By John M. Rosenberg, Warrior Transition CommandJune 18, 2016
WEST POINT, N.Y. (June 16, 2016) -- Tucked away within the heavily wooded confines of United States Military Academy at West Point, New York, is one of six U.S. mints. Constructed in 1937, it was originally a storage facility for silver bullion and was known as "The Fort Knox of Silver." Since the 1980s it has been a producer of silver and gold commemorative coins and medallions.
For seven days in June America's oldest continuous service military installation will abound with even more precious metal and medallions. Composed of custom-cast zinc and plated with gold, silver and bronze, these medals will be awarded across eight sports as The Point's famed athletic fields and sporting venues play host to the 2016 Department of Defense Warrior Games.
When adaptive sports athletes take their place atop the three-tiered podiums during Warrior Games medal ceremonies, these medallions will bear testament not only to their athletic prowess, but also to their steadfast strength and perseverance.
The Warrior Games is an adaptive sports competition for wounded, ill and injured service members and Veterans. Approximately 250 athletes are participating, representing the Army, Navy, Air Force, Marine Corps, Special Operations Command and the United Kingdom Armed Forces. The Games highlight the resiliency and warrior spirit of service members, Veterans, their families and caregivers.
The seventh annual Warrior Games, hosted for the first time by the Army, formally commenced on a seasonably warm Wednesday evening at West Point's Shea Stadium where hundreds of athletes, their friends, family, as well as support staff, dignitaries, media, senior leaders, and spectators gathered for the opening ceremony.
All around, people snapped photographs and selfies, while others gently fanned or shaded themselves with the day's program as the West Point Band, their brass instruments glistening in the late day sun, gave a pre-ceremony concert.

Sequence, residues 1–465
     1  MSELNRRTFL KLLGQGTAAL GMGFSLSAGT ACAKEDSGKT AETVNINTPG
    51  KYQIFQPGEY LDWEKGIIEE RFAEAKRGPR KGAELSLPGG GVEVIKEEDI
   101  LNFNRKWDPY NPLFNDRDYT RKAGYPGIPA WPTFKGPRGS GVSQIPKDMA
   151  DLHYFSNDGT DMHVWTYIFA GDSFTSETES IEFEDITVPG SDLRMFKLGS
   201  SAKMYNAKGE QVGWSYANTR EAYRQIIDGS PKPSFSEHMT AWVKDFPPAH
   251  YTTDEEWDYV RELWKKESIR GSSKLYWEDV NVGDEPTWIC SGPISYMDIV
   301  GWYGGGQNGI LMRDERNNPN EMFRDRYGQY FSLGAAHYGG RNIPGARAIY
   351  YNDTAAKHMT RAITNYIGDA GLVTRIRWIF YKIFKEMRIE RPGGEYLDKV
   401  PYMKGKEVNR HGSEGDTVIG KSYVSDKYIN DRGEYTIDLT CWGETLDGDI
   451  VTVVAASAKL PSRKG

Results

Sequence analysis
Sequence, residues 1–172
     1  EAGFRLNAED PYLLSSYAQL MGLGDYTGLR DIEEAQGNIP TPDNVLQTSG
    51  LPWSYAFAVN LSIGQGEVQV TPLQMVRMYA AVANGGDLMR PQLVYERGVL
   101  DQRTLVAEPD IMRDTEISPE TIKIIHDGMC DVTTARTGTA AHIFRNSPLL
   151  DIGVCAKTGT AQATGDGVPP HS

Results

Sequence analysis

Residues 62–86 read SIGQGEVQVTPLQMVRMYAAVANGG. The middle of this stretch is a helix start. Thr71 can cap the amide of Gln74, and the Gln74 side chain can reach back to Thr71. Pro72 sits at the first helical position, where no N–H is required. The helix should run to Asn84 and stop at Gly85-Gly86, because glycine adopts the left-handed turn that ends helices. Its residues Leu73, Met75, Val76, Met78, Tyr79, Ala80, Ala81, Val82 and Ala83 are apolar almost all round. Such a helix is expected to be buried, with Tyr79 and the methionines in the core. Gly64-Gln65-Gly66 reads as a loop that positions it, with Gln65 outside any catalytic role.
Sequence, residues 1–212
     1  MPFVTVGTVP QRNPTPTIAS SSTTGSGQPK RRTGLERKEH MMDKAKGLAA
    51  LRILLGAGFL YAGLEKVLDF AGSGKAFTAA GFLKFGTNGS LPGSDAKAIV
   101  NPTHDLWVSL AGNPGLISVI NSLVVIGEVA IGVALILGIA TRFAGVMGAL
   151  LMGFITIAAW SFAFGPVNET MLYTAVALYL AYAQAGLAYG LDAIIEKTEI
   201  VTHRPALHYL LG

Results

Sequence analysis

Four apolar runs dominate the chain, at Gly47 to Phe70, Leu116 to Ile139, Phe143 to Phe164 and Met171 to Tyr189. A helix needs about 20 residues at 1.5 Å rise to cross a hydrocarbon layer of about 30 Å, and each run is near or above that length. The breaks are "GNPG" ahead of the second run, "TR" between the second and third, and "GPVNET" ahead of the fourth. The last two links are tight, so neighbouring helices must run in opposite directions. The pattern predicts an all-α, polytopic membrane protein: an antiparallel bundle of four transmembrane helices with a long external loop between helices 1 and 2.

Team Army led the procession into the stadium to great ovation as Sgt. David Jones, currently at the Warrior Transition Battalion, Fort Bragg, North Carolina, and Veteran Master Sgt. Shawn "Bubba" Vosburg of El Paso, Texas, presented the Army flags. The athletes took to their seats in front of the podium that had been fabricated upon the artificial turf of the multi-purpose facility.
Early into the ceremony the Army parachute team, the Golden Knights, one of three Department of Defense-sanctioned aerial demonstration teams, thrilled onlookers as they spiraled downwards beneath a sky painted with wisps of crystalized cirrus before landing upon the adjacent athletic field.
Former Daily Show host Jon Stewart served as master of ceremonies in the hour-long event. Upon being introduced, the now-bearded Stewart surveyed the crowd before giving a stout "Welcome to Warrior Games!" salute.
During his opening remarks, Stewart reflected upon his invitation, saying "I didn't come up here to give my support to the athletes I came up here to get support from them. There is almost nothing in this world that gives me more support than witnessing the tenacity, the resiliency and the perseverance of these warriors."
Following Stewart was the Superintendent of West Point, Lt. Gen. Robert L. Caslen, Jr., who paid homage to the vital support of families, calling them a "source of encouragement and motivation" to the wounded, ill and injured.
To U.S. Army Capt. Kelly Elmlinger, a medical-surgical nurse, stationed at Brooke Army Medical Center, Fort Sam Houston, Texas, as well as a prominent athlete within the world of adaptive sports competition, the day's event was bittersweet. Appearing in her final Warrior Games, the Attica, Ohio native felt "humbled" to serve as the captain of Team Army and in being granted the honor of lighting the Warrior Games cauldron.
Upon conclusion of the ceremony, Col. Christopher Toner, Commander of the Army Warrior Transition Command, which organized this year's Warrior Games, said "If you weren't stirred with emotion and pride at these opening ceremonies then you had best check yourself for a heartbeat."
Reveling with the gathered Army contestants was Under Secretary of the Army Patrick Murphy who stated "If anyone out there has doubts about America, all they have to do is spend five minutes here with these warrior athletes. One can't help but be inspired by what's truly great about our nation."
It has been said that a champion is defined by the adversity that he or she overcomes. Nowhere is this more apparent than in Warrior Games.
For wounded, ill and injured athletes, adaptive sports offer a renewed sense of purpose. However, it's not all about winning gold, Elmlinger said. Though she has stood atop the medals podium countless times, Elmlinger said, "Even if I walked away without a medal, then I walk away knowing that I've done my very best."